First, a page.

An urgent question tabled by Labour's Emily Thornberry is currently being debated in the House of Commons. She has rightly asked about the Crown Prosecution Service's announcement that a police officer will not face charges over the death of Ian Tomlinson, a newspaper seller whom the officer was filmed pushing to the ground during the G20 protests in London April 2009.
Mr Tomlinson was not involved in the protests - he was walking home when he was caught up in the demonstration. He died very soon after he was assaulted by the officer.
Dominic Grieve, for whom I have the greatest respect, has just stated that the CPS has told him that they could not proceed with the evidence available to them.
I would suggest that they watch the widely available video footage once again, and then let a jury decide.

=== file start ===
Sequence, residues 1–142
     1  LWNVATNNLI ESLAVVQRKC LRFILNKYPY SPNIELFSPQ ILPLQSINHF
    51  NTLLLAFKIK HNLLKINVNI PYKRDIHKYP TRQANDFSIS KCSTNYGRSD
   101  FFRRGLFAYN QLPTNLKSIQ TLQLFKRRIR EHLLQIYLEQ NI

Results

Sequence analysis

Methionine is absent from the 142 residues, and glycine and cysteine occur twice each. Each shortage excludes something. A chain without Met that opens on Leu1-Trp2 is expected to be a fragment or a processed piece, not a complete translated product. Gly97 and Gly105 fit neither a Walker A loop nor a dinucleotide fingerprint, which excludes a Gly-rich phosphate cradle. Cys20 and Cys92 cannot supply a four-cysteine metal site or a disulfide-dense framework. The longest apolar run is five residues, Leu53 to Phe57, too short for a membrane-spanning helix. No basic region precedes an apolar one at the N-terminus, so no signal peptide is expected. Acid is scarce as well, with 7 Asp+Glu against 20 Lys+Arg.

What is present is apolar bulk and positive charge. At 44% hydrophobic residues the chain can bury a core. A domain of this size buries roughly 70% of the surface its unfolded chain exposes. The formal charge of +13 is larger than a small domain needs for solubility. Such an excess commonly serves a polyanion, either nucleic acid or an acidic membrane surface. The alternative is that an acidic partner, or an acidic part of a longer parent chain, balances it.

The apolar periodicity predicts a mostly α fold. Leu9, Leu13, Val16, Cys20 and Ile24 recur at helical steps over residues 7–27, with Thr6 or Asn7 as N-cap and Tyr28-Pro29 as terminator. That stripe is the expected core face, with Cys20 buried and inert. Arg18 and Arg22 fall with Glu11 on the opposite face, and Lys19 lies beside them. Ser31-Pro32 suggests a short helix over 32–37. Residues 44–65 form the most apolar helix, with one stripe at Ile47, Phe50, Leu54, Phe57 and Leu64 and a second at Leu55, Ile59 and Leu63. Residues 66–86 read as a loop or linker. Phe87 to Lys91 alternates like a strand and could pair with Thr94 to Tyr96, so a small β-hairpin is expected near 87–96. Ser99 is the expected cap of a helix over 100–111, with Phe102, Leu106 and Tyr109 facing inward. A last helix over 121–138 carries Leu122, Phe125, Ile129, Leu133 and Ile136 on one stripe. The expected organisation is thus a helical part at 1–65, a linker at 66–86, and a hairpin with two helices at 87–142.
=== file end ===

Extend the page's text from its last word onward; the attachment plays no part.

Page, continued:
This "decision" has taken months to arrive at. Doubt is expressed by all concerned about the conflicting evidence from the coroners (which I do not regard as the insuperable issue others apparently did: even if there are causation problems with proving that Mr Tomlinson's death resulted from the officer's attack, a simple assault charge would not have held such difficulties in the six months afterwards, and a charge of assault occasioning actual bodily harm is in any case not time barred. Furthermore, prosecution of the officer for acting outwith his professional responsibilities would seem right). Much of real concern has also emerged about the officer himself, who had been ejected from the Metropolitan Police once already before.
Think again. Confidence in the rule of law is severely undermined by such non-decisions. A wholly innocent man has been killed in broad daylight on the streets of London, the event was captured on video, and nothing has been done. It is a stain on our national conscience.
Alex Deane is the Director of Big Brother Watch.